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This once vacant site is nestled at the eastern bookend between a row of single fronted Victorian terraces and a double fronted Edwardian weatherboard house. The strategy was to critique and respond to ongoing research into the Terrace typology. The built form is essentially an urban infill within a 5.5×14.4m envelope. The perforated house is our response to establish an alternative language to the accepted notion of our cultural attitude towards critical questions of identity and heritage.
Kavellaris wanted the house to be more than just a facade. More than just a message or a graphic stuck to a building. The building was not an urban canvas paying tribute to Venturi’s “decorated shed”, instead the external facade could be experienced internally and is also a multi functional device that constantly transforms the built form from solid to void, from private to public, from opaque to translucent.
By day the building is heavy and reflective and by night inverting into a soft translucent permeable light box. The operable wall or the absence of the facade enabled us to remove the idea that houses are static.
The use of operable walls, doors, curtains and glass walls enables the occupants to change the experience and environment. This architectural manipulation of space blurred the boundaries between inside and outside, the public and private realm. The manipulated spaces overlapped and borrowed the amenity and context of it’s surrounding environment.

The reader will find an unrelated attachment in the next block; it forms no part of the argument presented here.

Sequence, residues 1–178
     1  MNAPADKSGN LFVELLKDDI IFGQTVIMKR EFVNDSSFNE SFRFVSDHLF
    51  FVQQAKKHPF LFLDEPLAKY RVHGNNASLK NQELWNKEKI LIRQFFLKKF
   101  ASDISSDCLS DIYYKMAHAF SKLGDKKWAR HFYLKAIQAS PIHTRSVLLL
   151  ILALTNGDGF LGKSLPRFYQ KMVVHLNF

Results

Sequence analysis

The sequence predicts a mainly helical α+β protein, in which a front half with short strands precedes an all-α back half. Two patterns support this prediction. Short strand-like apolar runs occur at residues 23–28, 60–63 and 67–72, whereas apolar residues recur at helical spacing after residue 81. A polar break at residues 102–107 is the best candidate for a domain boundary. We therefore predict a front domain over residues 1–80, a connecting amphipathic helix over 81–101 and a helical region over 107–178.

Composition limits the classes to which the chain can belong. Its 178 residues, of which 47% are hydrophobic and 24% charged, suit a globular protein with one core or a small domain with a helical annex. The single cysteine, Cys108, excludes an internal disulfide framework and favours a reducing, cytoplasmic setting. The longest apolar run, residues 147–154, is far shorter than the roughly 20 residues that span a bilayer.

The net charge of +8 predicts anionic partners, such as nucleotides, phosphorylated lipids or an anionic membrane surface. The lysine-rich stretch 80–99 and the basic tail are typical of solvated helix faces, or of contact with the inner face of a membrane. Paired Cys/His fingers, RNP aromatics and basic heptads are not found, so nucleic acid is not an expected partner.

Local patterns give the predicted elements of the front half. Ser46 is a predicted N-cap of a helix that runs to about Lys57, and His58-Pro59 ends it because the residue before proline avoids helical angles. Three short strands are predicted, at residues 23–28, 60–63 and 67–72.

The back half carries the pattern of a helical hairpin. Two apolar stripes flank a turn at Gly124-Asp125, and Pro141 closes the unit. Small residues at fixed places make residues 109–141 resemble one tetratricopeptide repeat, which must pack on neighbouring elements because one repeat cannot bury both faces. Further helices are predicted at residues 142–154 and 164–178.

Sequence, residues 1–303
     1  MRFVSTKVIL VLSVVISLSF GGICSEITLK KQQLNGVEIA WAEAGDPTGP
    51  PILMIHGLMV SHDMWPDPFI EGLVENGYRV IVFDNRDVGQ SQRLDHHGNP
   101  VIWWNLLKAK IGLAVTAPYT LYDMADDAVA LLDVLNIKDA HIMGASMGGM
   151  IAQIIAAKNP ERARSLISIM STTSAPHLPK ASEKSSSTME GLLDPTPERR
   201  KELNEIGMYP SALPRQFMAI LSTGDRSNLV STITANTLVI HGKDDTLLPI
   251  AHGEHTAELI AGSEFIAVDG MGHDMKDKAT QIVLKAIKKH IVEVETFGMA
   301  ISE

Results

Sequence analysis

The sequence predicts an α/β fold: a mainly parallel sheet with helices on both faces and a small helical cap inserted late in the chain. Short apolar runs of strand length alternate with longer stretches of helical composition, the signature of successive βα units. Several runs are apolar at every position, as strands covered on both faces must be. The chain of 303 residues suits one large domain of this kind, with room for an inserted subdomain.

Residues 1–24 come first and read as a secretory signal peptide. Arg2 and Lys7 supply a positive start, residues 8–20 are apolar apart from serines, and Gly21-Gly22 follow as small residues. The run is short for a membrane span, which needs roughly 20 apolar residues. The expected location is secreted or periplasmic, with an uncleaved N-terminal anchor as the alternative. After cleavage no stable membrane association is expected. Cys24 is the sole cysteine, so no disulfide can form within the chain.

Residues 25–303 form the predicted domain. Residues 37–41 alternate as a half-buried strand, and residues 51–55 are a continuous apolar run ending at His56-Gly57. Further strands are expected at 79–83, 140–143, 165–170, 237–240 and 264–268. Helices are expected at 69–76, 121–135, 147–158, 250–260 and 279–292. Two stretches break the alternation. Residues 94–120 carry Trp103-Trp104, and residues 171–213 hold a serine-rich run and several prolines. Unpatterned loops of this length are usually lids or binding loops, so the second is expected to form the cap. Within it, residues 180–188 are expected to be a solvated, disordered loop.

The plan inverts the traditional terrace program with the active living zones on the first floor opening onto a north facing terrace thereby generating a primary northerly orientation to a south facing block. The perforated house incorporates passive sustainable interventions by orientating north glass bifolds doors and louvers for cross ventilation as the primary means of cooling. In addition, solar hot water and 5 star rated sanitary ware fixtures were incorporated. The north facing terrace redefines the “family” backyard, reinforced by the childlike mural reminiscing on a past era and making commentary on the changing demography of the family unit and ultimately the inner city house typology. The mural also hides a not so attractive view of the back of the neighbors house.
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Use foam gaskets to seal electrical boxes
According to energy experts, electrical boxes that hold switches or outlets are major sources of heat loss. Foam gaskets ($3 for a pack of 12 at home centers) won’t completely seal the boxes, but they’ll help. They’re quick to install— just take off the cover plate, stick the gasket over the box, then put the plate back on.